September 2012

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When sizing communication links, especially costly satellite links, I am frequently asked to answer two questions.

  1. Given a carrier capable of x Mbps throughput, how many gigabytes could I transmit in one day?
  2. What is the minimum number of megabits per second (Mbps or Mbit/sec) necessary to transmit x gigabytes (GB) in one day?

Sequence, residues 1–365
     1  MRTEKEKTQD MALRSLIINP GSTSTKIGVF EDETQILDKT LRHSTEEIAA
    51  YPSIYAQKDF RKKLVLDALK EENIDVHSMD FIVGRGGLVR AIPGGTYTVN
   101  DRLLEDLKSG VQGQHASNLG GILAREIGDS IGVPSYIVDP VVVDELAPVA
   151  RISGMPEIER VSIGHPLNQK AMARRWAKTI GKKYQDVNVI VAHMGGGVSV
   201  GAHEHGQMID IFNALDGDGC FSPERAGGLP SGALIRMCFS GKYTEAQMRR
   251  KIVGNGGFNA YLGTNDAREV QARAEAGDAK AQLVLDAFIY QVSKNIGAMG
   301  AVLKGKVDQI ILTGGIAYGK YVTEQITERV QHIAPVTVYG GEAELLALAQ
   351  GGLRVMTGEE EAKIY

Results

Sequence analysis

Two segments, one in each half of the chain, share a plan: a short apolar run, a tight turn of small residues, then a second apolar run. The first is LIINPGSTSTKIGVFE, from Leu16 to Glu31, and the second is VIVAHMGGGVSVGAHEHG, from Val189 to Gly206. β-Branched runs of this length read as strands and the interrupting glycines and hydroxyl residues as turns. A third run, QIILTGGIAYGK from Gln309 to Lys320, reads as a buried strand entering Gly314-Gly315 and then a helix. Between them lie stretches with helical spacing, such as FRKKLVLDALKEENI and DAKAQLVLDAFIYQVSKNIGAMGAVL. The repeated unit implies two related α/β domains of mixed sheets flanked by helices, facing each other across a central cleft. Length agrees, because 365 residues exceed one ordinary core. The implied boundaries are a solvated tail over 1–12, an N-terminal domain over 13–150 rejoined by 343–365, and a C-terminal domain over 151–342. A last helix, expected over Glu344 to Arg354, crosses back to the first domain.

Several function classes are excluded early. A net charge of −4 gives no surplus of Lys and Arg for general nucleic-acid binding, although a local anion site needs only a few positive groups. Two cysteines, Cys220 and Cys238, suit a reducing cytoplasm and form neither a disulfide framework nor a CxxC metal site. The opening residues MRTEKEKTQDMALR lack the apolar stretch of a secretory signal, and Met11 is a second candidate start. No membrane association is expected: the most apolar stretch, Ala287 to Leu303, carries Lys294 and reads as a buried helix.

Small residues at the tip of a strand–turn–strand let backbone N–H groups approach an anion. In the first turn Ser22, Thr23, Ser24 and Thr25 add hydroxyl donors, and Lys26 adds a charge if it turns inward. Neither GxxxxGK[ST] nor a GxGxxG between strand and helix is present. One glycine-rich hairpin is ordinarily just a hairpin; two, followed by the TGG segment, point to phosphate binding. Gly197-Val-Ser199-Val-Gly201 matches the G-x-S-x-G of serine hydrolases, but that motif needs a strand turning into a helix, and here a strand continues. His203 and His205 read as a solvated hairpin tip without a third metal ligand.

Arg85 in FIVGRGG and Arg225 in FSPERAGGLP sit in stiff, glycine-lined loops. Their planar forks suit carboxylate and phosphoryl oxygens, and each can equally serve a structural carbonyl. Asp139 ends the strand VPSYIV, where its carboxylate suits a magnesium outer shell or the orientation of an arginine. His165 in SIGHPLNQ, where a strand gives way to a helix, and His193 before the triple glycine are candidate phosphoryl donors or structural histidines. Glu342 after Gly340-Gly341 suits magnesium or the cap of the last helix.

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In “Internet Doom” news, RIPE estimates it is within one month of reaching its last /8 IPv4 allocation. As the CTO of an ISP, I regularly deal with overly-large IPv4 assignment requests from customers. You wouldn’t believe how many people think they need a /24 subnet for their Internet cafe. Most of the time this is simple ignorance, but sometimes it’s laziness too; they can’t be bothered to install a NAT-capable router for their PCs. We refuse these requests for the obvious reasons of IPv4 exhaustion, and for the less-obvious reason that you must be insane to leave a horde of pirated, non-patched Windows XP PCs on public IPs. I estimate the mean time to botnet infection to be less than 15 minutes.

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